Hand in Hand // BIPD Behavioral Health

By Valerie Reinke

Sgt. Trevor Ziemba, a police officer for nearly 30 years, recalls a time when he would get a 911 call for a mental health crisis— “a suicidal subject, a person under the influence, someone having a psychotic episode”—and the best he could do was send the troubled person to a hospital. At worst, he would have to make an arrest.

“Two weeks, two days, two hours later,” he would be called out again for help with the same person, another crisis, but incrementally worse. Without intervention and follow-up, “there would come a point where the situation could not deescalate,” he said.

A crossroads in Bainbridge policing came after a tragic encounter in 2010 with a mentally ill man who was fatally shot. In 2012 a federal jury faulted the City of Bainbridge Island for its inadequate police training but cleared the officer who had fired the shots.

Kimberly Hendrickson was working at the time as the examiner for the city’s Civil Service Commission. “This incident made me understand the need for a better response when people call 911 because of mental health conditions,” she said. Hendrickson envisioned a program that could combine the accessibility and responsiveness of law enforcement with the case management and community networking skills of social services.

Later, working for the City of Poulsbo’s Housing, Health and Human Services, she and Poulsbo Mayor Becky Erickson brought that concept to life with the creation of the Behavioral Health Navigator Program. Borrowing elements from other co-responder models in the state, the program provides follow-up, led by a “navigator,” to people who had a police encounter because of behavioral health issues, connecting them with available services and resources.

Bearing this superhero-like title, Bainbridge’s navigator (who flexes her time with Poulsbo) is the mild-mannered Kelsey Lynch. She doesn’t wear a uniform or badge, her master’s is in social work, and she complements the necessarily brusque formality of the police officers with a gentle, more empathic approach.

Though she doesn’t accompany police on calls, she is the first person officers reach out to after an interaction with someone they believe would benefit from the program.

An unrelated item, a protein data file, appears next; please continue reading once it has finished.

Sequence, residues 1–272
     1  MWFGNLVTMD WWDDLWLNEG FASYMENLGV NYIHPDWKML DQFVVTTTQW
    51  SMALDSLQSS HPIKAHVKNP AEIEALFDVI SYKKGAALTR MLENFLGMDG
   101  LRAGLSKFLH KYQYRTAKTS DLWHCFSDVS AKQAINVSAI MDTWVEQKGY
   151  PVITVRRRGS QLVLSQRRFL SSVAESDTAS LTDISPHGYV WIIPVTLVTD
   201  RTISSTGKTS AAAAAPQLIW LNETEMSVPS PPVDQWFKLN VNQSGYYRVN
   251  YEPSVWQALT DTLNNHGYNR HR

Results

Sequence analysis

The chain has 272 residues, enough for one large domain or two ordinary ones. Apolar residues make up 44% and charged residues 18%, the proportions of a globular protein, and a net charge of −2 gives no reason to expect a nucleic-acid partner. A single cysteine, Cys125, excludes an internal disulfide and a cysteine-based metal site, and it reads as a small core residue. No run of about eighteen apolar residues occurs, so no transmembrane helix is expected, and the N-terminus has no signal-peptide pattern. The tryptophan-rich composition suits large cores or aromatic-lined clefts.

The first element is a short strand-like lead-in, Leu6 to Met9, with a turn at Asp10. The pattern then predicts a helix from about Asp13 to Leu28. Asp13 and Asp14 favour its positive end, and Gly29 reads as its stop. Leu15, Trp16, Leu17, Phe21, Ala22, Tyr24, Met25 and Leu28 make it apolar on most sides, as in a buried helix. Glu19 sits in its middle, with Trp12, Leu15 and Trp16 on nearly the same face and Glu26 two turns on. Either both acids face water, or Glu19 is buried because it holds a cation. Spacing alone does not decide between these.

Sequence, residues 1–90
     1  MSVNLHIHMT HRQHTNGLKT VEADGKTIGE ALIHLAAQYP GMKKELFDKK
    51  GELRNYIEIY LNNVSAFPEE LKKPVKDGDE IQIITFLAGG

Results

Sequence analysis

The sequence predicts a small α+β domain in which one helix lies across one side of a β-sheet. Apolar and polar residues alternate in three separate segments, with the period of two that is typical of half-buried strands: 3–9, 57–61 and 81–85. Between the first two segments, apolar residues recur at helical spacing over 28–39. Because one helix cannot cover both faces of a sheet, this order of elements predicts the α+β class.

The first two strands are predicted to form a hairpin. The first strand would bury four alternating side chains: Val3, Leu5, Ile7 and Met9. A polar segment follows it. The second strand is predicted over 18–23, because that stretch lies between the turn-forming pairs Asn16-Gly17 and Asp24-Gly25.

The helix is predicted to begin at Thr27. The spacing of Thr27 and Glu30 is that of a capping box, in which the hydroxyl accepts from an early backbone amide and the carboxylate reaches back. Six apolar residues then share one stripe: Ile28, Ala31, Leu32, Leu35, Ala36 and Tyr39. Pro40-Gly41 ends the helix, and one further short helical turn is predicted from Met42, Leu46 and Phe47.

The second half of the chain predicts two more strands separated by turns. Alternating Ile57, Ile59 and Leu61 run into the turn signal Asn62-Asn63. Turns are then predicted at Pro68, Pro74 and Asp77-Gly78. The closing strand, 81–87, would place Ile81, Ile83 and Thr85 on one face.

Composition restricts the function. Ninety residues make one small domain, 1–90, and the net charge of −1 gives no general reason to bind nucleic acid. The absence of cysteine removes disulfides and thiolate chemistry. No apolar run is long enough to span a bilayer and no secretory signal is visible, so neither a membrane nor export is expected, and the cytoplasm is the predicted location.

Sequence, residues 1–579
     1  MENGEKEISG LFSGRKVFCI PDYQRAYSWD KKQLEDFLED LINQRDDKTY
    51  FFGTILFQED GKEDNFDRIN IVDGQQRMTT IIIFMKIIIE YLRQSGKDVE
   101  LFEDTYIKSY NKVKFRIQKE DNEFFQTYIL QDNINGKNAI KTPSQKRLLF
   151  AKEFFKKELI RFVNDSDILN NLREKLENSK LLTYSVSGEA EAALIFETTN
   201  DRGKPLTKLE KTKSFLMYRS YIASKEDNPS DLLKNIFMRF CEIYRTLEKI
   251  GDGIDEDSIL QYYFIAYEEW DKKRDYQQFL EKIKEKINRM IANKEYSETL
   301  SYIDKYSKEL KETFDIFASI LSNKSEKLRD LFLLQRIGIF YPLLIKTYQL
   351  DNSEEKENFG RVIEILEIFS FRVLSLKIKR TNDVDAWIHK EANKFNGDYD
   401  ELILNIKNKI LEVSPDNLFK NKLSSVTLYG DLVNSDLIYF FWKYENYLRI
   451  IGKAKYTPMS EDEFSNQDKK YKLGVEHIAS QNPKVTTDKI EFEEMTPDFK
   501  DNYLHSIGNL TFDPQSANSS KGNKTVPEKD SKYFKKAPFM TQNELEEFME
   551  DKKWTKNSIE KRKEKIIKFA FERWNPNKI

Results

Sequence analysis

She immediately circles back with the individual, family members and friends and begins connecting them with the services that seem the most appropriate, a task which requires know-how and perseverance. “The medical and mental health system is exhausting,” she said. “Families will put their toe in the water and then back out.”

True to her superpower, Lynch can navigate those channels, helping with medical language, insurance tangles, treatment plans and transportation and even securing basics like housing and food.

Also, in her unique role, she is able to bring information back to law enforcement. “If there happens to be another situation, then officers have a lot more information when they go out into the field.”

Alongside the navigator program is a robust 40-hour training for every Bainbridge officer—something Ziemba, who now has more than 1,000 hours of training in mental health issues, was instrumental in getting instituted. Officers learn tools to help people get past a crisis, like communication skills, empathy and providing an environment where they feel safe to de-escalate, he said.

Some, like Officer Charles Kazer, are further certified as Crisis Intervention Officers. Their strength is working in delicate situations like extreme mental distress or even negoti- ating for hostages. The point, said Kazer, is “how can we better help people in crisis?”

Lynch remembers a situation that illustrates the new paradigm. A Bainbridge officer struck up a conversation with someone in a local park who, it turned out, was intent on suicide. “They had the means in their hand,” she said. Once the officer put the person at ease and got them temporarily situated, he called Lynch.

“Because the officer had been so helpful and under- standing, this individual was willing to re-engage,” said Lynch. She met with the person the next day and was able to connect them with an island therapist, food services and housing support.

The two-pronged approach—officer training and follow-up from the navigator— has been a formula for more compassionate policing and for getting people out of a vicious cycle of crises.

Ziemba added, “We want people to see law enforcement as … someone they can reach out to. That becomes a success for every person who wears a police uniform.”

Hand in Hand

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